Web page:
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Prove Bernstein's inequality for any $t>0$. $$P(X>y) \leq e^{-ty} E(e^{tX})$$

This is for homework, but we did not go over Bernstein's inequality in class. We were going over Markov's and Chebyshev's inequalities. From what I have seen from looking it up on the internet there are several different ones, but I am not sure what applies to this particular problem.

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By Markov inequality, if $Z \geq 0$ $$ P(Z > u) \leq \frac{EZ}{u}$$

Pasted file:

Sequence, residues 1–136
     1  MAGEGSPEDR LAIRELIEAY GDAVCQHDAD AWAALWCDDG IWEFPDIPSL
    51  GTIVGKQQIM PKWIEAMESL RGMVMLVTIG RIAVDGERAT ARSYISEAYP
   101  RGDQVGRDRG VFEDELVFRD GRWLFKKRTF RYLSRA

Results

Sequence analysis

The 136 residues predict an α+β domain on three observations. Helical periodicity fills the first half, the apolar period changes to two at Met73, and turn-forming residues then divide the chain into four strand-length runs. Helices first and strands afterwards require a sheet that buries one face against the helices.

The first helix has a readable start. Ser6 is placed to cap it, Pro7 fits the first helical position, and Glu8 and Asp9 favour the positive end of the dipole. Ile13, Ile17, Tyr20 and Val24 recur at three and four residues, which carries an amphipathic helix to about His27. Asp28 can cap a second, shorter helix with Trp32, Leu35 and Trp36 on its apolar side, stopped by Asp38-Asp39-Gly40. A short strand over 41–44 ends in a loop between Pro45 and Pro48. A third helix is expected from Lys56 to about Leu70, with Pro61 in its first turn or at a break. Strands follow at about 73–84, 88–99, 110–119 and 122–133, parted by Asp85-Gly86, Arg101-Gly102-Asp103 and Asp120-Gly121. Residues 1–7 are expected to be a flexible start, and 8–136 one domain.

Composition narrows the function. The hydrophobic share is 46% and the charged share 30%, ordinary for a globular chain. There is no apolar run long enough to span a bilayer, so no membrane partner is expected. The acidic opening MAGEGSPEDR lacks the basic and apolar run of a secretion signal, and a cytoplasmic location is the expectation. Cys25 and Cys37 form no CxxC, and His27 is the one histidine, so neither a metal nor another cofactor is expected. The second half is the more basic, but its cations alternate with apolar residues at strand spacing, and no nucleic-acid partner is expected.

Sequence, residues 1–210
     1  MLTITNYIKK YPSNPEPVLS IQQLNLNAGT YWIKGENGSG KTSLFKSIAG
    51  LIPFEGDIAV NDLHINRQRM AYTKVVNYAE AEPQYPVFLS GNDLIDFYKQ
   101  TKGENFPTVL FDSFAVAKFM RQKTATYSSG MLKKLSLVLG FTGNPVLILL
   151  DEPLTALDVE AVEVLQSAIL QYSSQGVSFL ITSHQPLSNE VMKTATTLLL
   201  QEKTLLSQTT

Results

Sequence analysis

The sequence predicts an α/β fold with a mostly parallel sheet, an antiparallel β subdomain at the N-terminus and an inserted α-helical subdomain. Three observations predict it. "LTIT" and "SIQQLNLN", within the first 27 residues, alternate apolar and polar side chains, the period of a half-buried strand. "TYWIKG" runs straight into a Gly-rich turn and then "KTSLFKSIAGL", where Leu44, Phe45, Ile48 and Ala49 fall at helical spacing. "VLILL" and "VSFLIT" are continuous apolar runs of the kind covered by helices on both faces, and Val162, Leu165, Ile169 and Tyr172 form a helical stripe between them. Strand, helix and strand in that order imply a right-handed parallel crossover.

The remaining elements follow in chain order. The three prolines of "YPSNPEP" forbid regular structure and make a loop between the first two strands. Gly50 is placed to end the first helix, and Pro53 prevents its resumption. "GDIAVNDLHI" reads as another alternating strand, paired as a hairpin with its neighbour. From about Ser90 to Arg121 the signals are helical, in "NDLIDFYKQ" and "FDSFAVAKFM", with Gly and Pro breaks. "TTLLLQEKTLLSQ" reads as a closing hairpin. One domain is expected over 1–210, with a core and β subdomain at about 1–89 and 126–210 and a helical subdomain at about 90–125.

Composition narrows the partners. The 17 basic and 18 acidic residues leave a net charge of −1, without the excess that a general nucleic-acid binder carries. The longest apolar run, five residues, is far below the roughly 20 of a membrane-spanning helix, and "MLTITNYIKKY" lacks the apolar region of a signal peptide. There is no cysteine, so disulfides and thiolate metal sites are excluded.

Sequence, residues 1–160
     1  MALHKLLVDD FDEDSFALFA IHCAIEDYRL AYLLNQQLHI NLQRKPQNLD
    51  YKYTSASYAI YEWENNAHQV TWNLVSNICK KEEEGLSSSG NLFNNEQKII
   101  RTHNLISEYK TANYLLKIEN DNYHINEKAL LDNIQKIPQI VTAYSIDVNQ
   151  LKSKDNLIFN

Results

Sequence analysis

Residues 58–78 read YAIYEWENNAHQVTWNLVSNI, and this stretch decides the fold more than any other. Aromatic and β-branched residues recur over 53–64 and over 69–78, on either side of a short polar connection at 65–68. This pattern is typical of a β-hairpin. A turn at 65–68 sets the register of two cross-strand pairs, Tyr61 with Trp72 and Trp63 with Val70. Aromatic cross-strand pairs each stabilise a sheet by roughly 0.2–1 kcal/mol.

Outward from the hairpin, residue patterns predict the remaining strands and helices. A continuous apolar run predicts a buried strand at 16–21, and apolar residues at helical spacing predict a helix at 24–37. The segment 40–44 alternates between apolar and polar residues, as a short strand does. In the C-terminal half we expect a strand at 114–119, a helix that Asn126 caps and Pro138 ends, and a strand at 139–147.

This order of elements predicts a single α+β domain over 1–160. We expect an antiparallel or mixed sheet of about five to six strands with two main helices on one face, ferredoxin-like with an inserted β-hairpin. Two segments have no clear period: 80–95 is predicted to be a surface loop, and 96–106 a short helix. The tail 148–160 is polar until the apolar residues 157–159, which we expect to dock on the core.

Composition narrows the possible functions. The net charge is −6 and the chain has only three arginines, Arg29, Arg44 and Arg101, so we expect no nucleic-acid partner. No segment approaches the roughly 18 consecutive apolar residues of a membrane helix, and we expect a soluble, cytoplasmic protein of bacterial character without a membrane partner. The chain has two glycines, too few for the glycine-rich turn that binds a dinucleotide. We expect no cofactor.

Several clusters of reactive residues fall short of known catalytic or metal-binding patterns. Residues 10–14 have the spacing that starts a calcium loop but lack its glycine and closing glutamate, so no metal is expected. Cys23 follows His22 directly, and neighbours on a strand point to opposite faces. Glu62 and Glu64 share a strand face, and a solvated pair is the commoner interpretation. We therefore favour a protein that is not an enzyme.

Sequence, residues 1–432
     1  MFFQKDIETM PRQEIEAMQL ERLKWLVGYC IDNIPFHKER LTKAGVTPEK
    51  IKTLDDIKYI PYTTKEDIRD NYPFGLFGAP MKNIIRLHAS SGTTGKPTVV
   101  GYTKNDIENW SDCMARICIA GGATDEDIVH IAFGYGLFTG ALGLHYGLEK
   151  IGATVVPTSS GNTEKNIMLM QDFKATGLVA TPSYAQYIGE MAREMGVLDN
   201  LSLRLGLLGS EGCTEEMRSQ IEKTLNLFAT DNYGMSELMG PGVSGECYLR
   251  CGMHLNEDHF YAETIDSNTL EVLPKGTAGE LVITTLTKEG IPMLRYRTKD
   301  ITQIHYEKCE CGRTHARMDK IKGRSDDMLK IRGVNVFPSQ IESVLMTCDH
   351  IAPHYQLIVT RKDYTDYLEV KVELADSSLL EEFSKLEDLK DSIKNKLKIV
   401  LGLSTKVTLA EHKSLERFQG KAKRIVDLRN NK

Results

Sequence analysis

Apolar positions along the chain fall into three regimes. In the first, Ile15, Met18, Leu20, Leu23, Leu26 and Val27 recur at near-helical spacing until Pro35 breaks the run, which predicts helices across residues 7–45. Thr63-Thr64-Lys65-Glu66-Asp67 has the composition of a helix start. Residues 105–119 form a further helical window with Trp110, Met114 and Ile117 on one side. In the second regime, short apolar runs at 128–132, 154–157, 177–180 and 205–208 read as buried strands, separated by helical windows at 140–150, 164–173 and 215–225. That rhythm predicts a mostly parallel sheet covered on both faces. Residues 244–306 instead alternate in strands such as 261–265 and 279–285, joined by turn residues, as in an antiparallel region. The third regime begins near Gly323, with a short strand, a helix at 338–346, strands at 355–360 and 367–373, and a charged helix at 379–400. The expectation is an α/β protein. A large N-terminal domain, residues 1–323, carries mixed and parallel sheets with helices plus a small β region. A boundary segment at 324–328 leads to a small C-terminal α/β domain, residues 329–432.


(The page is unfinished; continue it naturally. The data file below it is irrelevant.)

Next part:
Put $Z = e^{tX}$ and $u=e^{ty}$ (they are non -ve) to get $$ P(e^{tX} > e^{ty}) \leq \frac{Ee^{tX}}{e^{ty}}$$

But $P(e^{tX} > e^{ty}) = P(X > y)$. Hence we are done.

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That is what I was thinking, but I was unsure because it brought up Bernstein's inequality. –  Sprock Nov 19 '12 at 20:33

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